Do you think the CIT Bruce campus should move to be next to Westfield Belconnen? Do you want 18-storey high-rises on the sites of the old Belconnen Remand Centre?

Consultation officially starts today on the draft Belconnen Town Centre Master Plan. It’s an important document that will shape both Belconnen and the broader ACT for the next 10 years and beyond.

The suburb of Belconnen will be transformed by high-rise developments over the next decade. The 27-storey Wayfarer hotel and apartments are already under construction, joining the nearby 18-storey Altitude and Sentinel complexes. There are also 16- and 24-storey residential developments already approved for development on the Belconnen Markets and Westfield sites respectively.

The new draft master plan continues this trend towards high rise development, with more than 10 additional sites identified for buildings developments of 12 storeys in height or greater. If all of these are approved, an additional 3300 residents (more than the entire population of nearby Aranda) will be moving into the high density residential district between Chandler St and Eastern Valley Way alone.

The draft master plan identifies ways to revitalise and make better use of Emu Bank and Lake Ginninderra, and better integrate the University of Canberra with the town centre through better signage and road, pedestrian and cycle connections.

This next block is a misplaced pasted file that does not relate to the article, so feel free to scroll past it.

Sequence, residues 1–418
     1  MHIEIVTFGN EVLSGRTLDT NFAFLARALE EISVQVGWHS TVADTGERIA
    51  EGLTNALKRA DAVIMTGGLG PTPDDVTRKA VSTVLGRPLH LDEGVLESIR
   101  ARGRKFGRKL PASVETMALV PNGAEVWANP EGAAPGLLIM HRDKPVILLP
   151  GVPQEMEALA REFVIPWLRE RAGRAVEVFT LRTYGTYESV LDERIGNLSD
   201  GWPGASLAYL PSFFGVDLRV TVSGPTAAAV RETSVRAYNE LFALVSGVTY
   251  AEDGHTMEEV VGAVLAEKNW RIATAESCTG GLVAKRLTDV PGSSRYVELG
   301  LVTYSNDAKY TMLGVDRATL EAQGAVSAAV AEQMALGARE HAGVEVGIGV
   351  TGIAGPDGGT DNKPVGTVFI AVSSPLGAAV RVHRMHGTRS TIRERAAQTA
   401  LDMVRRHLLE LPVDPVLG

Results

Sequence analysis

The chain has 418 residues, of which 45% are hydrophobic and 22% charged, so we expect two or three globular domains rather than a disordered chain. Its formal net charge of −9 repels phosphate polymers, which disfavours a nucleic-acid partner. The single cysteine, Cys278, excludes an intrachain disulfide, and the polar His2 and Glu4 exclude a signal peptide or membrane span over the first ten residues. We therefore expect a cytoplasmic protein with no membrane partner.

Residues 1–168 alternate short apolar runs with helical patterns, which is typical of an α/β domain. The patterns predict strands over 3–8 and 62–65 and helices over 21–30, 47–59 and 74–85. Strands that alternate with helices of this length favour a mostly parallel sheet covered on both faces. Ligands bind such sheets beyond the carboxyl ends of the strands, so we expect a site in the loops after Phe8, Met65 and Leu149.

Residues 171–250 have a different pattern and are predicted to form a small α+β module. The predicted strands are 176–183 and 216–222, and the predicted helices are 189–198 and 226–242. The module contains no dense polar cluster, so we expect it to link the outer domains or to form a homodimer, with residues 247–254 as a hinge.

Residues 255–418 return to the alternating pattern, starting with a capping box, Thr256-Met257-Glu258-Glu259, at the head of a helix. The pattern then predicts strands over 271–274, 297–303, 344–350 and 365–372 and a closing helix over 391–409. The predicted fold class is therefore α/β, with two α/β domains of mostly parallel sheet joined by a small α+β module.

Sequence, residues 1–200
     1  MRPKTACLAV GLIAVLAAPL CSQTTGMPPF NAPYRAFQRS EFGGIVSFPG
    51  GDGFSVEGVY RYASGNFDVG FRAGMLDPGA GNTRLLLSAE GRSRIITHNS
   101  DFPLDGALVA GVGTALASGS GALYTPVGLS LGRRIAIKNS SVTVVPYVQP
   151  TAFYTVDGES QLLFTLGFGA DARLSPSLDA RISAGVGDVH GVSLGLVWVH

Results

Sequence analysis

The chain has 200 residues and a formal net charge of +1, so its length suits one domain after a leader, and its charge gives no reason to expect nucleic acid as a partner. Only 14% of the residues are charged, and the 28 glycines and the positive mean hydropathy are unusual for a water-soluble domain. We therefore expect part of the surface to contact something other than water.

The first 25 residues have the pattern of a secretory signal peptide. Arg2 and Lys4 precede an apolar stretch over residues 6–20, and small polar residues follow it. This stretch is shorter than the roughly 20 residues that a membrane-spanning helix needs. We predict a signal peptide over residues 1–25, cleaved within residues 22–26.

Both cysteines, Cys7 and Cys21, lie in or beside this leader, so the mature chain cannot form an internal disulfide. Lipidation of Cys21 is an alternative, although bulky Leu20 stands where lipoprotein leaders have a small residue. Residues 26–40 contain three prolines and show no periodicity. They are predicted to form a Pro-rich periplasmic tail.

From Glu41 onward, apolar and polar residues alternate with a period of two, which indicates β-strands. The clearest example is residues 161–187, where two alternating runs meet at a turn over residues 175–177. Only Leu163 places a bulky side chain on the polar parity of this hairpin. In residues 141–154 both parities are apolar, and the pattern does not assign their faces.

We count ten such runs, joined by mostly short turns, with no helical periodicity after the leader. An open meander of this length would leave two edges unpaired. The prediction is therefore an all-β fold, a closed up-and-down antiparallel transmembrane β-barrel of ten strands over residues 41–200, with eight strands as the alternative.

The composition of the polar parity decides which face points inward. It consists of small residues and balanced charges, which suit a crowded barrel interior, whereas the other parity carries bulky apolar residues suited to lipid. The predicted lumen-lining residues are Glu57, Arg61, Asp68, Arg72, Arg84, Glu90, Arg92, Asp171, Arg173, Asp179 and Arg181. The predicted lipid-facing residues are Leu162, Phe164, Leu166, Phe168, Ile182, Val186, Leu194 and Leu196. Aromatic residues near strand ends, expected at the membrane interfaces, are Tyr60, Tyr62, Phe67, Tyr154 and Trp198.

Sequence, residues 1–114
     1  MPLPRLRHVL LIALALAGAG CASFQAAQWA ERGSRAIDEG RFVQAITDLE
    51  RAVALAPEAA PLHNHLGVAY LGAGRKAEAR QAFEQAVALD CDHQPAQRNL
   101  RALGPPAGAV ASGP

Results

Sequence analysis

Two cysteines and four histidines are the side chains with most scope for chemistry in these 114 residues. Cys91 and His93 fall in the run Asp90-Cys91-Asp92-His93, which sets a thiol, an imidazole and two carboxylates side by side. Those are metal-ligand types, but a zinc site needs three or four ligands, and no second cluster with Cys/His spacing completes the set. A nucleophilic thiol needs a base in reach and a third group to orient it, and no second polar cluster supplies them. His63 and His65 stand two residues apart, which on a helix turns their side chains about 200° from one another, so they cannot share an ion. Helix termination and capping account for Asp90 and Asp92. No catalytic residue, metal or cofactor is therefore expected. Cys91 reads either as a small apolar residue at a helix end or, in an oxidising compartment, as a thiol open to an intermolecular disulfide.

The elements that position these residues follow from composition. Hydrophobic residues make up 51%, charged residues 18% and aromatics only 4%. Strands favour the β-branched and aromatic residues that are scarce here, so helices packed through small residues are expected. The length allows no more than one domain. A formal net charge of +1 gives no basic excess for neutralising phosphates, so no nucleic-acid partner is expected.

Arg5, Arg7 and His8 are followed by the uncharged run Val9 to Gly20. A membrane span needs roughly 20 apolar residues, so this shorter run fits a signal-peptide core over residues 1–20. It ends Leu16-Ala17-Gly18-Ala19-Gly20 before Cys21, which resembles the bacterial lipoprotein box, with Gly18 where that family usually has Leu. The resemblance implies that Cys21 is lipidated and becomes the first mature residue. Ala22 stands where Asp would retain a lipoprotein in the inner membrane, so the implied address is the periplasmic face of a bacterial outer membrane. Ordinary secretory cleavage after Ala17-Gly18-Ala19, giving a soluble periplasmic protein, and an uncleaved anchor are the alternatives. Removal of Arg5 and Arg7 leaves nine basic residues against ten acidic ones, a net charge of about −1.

However, the biggest change to the character of Belconnen would be the redevelopment of Lathlain St into the “Main Street” of the town centre.

Currently a fairly boring road linking Westfield Belconnen to the Belconnen Markets and Bunnings, the draft master plan calls for a complete revamp of Lathlain St, with 6m-wide footpaths and 18-storey high rise developments on ACT Government sites including the former Belconnen Remand Centre and the soon-to-be vacated Fire and Ambulance stations.

The draft master plan flags the relocation of Belconnen Community Services, the Belconnen Library and even the CIT campus of Bruce to Laithlain St. The services area behind Lathlain St would also be revamped, encouraging opening of live music venues and other noisy activities further away from residential housing. The construction of a well-marked cycle path linking Florey to the Jamison shops through Lathlain St would further strengthen travel options between nearby suburbs.

By transforming Lathlain St into a community hub and a “destination” with brand recognition similar to Kingston, New Acton and Braddon, the draft master plan aims to encourage greater commercial activity, particularly after hours, in the town centre.

These plans present opportunities as well as challenges for Belconnen. A new generation of families and older residents are interested in the option of high-quality apartment living. As people move into the town centre, there will be increased demand for high quality cafes, restaurants and other commercial services. But there will be challenges to meet as well from increased traffic congestion and in terms of ensuring sufficient parking capacity for employees and shoppers.

A number of strategies have been identified to address parking issues, including building additional multi-storey carparks, and the roll out of smart parking in Belconnen if the trial in Manuka is successful.

The most important thing if you live, work, shop, or eat in the Belconnen town centre is to get involved and have your say. There are also many consultations happening until November 20, so log on to to see where you can meet the people making these decisions, and to contribute your views to the future of the town centre.